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On the Way to Jerusalem

As Holy Week approaches, read about one extraordinary miracle Christ performed in the days before his last trip into Jerusalem. This narrative version is taken from the popular book When Christ Walked Among Us: The Messiah's Life and Ministry.

When Jesus’ travels in Perea had come to an end, it was time for him to head west across the Jordan River in what would be his final journey to Jerusalem. But he did not begin that trip as quickly as some might have wanted.

One day Jesus received word from Mary and Martha of Bethany that their brother Lazarus was sick. Upon receiving this news, Jesus declared to his disciples that Lazarus’ sickness would not end in death. Jesus wanted his followers to know that, instead, Lazarus’ illness would provide an opportunity for him to manifest his glory.

Desert-JerusalemBut rather than setting out for Bethany to attend to Lazarus’ physical needs, Jesus stayed in Perea for two more days. When those days had passed, he informed his disciples that now it was time to enter the region of Judea and the village of Bethany. The disciples were surprised that Jesus was actually going to head back to Judea, reminding him that it had not been that long since the Jews had tried to stone him to death. Jesus explained that the time for him to carry out his work was limited, and now was the time to act. What Jesus needed to do, he told his disciples, was to awaken Lazarus from his sleep.

The disciples took Jesus’ words literally and advised him that if Lazarus was simply sleeping, he would recover from his illness in time; there was no need for Jesus to visit him. So Jesus let the disciples in on the gravity of the situation: Lazarus was dead. He told them that if he had gone earlier and healed Lazarus, they would have seen a tremendous miracle. But his delaying was going to allow them to see an even greater act of God. So Jesus invited them to accompany him.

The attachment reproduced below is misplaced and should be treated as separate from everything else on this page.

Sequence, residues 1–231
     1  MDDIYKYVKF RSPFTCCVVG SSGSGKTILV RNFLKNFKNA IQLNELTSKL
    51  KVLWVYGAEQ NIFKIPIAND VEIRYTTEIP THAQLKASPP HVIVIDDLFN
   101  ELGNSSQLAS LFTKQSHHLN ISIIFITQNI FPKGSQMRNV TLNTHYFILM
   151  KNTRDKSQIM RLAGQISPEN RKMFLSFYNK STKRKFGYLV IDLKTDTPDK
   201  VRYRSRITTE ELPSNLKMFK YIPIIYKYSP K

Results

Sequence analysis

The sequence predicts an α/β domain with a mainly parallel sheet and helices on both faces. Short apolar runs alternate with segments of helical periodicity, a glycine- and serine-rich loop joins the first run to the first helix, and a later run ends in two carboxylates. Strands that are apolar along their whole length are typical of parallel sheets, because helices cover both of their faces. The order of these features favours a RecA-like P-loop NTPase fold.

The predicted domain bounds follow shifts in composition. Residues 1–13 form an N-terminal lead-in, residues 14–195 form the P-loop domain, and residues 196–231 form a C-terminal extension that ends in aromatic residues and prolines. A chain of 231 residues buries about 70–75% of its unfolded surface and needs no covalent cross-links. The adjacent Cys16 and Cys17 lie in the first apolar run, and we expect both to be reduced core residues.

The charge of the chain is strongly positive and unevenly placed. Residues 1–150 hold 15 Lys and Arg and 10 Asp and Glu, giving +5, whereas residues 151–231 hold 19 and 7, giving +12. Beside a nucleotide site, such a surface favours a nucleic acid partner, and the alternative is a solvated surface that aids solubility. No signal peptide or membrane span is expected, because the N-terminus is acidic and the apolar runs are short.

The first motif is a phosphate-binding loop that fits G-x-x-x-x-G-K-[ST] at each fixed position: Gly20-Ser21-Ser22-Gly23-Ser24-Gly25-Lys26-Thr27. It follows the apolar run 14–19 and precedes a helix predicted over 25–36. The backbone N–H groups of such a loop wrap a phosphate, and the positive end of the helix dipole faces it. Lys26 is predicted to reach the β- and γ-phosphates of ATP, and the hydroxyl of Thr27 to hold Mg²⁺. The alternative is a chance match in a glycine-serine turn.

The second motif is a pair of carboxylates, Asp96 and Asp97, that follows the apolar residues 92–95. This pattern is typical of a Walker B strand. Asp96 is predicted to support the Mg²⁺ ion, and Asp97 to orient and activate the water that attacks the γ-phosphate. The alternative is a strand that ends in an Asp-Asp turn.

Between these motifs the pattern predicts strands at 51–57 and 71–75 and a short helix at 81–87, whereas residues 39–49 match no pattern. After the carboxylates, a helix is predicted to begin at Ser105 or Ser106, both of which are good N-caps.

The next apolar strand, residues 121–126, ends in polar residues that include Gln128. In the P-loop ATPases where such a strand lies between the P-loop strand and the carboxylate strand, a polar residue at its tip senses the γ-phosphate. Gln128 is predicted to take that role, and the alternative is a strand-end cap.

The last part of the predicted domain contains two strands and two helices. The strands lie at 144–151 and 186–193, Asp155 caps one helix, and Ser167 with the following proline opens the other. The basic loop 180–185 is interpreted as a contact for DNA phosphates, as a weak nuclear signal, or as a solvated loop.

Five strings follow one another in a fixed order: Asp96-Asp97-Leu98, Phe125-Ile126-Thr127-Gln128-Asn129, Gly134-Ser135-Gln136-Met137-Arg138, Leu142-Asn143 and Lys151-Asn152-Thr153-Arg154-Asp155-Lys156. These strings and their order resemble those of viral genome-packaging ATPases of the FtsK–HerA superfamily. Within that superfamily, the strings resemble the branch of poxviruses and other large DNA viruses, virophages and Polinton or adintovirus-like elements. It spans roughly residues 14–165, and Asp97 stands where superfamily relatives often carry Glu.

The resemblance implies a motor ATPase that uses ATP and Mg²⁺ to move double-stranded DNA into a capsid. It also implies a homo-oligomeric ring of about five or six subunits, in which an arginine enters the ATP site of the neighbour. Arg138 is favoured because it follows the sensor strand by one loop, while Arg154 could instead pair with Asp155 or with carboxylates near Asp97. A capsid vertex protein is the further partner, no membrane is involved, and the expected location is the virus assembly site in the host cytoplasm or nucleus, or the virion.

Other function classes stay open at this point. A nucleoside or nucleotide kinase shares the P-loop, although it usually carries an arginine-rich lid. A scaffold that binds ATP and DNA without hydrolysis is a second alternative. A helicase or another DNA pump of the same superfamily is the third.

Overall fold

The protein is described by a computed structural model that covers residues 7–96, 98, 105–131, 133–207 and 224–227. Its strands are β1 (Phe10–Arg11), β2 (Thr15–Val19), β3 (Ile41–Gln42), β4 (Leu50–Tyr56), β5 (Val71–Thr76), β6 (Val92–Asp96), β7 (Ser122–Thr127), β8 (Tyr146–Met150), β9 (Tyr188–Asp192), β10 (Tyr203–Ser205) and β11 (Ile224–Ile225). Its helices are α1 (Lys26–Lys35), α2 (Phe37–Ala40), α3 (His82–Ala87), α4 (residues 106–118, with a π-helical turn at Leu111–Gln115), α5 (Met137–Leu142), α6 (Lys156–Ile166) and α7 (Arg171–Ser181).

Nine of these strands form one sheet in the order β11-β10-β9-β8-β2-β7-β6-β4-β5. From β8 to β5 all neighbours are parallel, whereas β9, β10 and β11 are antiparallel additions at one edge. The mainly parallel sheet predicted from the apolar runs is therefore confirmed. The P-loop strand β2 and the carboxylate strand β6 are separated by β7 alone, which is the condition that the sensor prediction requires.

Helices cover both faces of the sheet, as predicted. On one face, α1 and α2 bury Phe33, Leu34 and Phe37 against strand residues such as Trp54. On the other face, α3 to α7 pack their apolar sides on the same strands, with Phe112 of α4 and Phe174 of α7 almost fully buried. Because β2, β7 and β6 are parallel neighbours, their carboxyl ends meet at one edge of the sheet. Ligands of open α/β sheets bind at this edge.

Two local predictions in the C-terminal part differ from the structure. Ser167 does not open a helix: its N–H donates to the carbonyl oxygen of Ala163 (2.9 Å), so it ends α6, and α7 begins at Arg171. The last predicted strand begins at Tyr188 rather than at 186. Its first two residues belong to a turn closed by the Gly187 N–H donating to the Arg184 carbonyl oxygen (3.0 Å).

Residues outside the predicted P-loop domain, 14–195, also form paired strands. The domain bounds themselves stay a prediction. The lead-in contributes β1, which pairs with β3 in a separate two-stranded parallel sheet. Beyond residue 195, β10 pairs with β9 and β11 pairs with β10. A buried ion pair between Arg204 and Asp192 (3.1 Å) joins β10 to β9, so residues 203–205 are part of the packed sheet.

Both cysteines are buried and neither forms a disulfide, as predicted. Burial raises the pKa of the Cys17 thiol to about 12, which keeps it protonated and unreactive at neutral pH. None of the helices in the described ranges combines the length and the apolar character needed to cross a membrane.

Thomas, also called Didymus because he was a twin, urged his fellow disciples to join Jesus on the way to Bethany. If Jesus died at the hands of his enemies, they could also die with him.

By the time Jesus arrived in the vicinity of Bethany, Lazarus had already been dead for four days. Mary and Martha were in their home—at the midpoint of the customary seven-day period of mourning. They were surrounded by friends who had come to lend them support and comfort. When Martha heard that Jesus was nearby, she left her home and her grieving sister and set out to meet Jesus. When she stood face-to-face with him, she acknowledged that if he had only arrived in Bethany sooner, her brother would not have died. Still, days after his death, Martha confessed that Jesus could do whatever he asked of his heavenly Father. How great was her faith!

Speaking words of comfort and strength, Jesus promised Martha that her brother would rise from the dead. Martha wholeheartedly agreed, as she expressed her faith once more. She readily asserted that she knew her brother would be part of the general resurrection of the dead on the Last Day. Jesus shifted her attention from the future to the present. He declared that he is the Resurrection and the Life and that whoever believes in him will have eternal life, even though he dies. After stating that truth, Jesus asked Martha if she believed it to be true. Martha confessed to Jesus that she regarded him as the Messiah, the Christ, the Son of God, who had been prophesied to come into the world. Martha was grieving the loss of her brother, but she had not lost a bit of her faith in Jesus.